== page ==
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The Sum of All Fears

(Jack Ryan #6)

4.03  ·  Rating details ·  58,449 ratings  ·  778 reviews
How do you save the United States President from himself? What if the President is incompetent to deal with the greatest crisis of all? Jack Ryan never thought he would have to ask those questions as, the world order changing, he prepares the ground for the Middle Eastern peace plan that, at last, might be the one to work.

But too many groups have invested too much blood. S

Mass Market Paperback, 928 pages
Published May 7th 2002 by Berkley (first published August 14th 1991)
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Adam I don't know if it's too late, but definitely read Clear and Present Danger before this. I almost skipped it because I'm not interested in drug wars, …moreI don't know if it's too late, but definitely read Clear and Present Danger before this. I almost skipped it because I'm not interested in drug wars, but I'm glad I read it. It made so much more of this book clearer.(less)
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Richard Wright
Nov 23, 2010 rated it it was ok  ·  review of another edition
Shelves: 2010
Oh thank God. Thank God it's over. I picked this up en route to Goa a few weeks ago, and I seem to have been reading it forever. As always, Clancy's world is incredibly detailed and credible, in many ways all the more impressive for its sometime parallels to the world we live in today. As ever, the central plot is great. As ever, there's just too bloody much detail for anybody outside of the military to maintain much interest. The characters are for the most part the same seven or eight core peo ...more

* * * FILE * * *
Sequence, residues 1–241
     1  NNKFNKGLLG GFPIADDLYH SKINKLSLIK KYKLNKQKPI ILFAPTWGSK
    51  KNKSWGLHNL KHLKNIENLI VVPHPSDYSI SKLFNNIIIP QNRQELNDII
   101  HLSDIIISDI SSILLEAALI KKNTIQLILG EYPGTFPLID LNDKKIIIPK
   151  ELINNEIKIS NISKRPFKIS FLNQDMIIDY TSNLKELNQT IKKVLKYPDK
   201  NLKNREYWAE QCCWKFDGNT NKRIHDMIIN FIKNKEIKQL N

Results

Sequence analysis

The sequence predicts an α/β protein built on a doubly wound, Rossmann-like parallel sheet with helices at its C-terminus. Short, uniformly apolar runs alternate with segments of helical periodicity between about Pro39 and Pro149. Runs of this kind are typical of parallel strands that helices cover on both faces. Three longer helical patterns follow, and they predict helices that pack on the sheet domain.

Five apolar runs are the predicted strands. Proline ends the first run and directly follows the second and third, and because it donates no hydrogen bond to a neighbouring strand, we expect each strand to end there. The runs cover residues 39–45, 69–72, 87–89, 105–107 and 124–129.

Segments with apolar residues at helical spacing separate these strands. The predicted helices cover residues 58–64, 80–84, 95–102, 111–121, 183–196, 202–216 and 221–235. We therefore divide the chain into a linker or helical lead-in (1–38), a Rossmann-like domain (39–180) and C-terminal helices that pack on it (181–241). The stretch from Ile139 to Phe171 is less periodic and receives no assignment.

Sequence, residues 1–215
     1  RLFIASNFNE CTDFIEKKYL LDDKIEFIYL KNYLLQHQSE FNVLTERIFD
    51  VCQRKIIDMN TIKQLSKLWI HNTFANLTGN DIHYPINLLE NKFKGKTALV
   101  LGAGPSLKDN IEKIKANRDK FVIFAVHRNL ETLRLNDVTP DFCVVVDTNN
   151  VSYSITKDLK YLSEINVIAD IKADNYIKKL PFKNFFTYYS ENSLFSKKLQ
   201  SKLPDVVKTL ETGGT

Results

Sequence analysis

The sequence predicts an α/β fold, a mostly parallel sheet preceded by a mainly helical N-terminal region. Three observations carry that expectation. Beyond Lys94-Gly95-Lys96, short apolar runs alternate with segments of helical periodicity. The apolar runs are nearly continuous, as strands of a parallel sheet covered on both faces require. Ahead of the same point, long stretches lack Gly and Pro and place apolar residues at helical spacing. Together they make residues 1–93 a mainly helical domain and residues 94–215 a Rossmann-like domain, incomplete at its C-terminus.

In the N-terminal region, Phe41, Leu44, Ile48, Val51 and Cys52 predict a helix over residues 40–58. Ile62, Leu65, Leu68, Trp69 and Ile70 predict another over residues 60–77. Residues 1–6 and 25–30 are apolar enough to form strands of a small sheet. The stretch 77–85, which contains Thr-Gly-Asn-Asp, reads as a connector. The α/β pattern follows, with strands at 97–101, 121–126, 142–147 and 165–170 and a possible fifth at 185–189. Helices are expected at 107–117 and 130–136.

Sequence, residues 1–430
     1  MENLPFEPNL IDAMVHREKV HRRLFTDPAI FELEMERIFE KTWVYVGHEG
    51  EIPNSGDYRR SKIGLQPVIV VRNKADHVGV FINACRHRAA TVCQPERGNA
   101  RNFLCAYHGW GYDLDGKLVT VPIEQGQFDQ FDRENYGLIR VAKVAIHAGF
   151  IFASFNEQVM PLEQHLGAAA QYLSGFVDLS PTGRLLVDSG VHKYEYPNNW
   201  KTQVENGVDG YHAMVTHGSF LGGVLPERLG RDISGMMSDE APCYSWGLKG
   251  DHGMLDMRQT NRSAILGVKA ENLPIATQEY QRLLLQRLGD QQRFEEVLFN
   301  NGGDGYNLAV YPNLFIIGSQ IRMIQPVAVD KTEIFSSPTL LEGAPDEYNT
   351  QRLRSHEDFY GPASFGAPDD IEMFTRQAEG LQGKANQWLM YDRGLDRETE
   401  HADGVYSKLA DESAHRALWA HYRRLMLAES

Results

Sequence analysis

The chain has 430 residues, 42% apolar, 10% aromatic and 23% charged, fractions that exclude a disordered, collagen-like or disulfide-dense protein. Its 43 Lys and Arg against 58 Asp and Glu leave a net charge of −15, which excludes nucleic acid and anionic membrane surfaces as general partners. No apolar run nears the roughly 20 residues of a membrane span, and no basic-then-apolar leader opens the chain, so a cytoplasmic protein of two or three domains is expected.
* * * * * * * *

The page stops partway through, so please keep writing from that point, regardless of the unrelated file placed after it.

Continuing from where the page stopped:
Darren Burton
Aug 26, 2012 rated it it was amazing
It has been rumored that permission to publish this book had to go all the way to the U.S. Supreme Court and ever since then there is a standing court order that the CIA, FBI, and NSA receive advance copies of every Tom Clancy book a month before it goes to the publisher. Why? Well this book tells you step by step, in layman's language, in exacting detail how you build a hydrogen bomb. About the only thing that is left out is the exact amount of plutonium you would need. This did not sit well wi ...more
Igor Ljubuncic
Wow, wow, slow down. What? You never wrote a review for this book! I didn't? No, I didn't.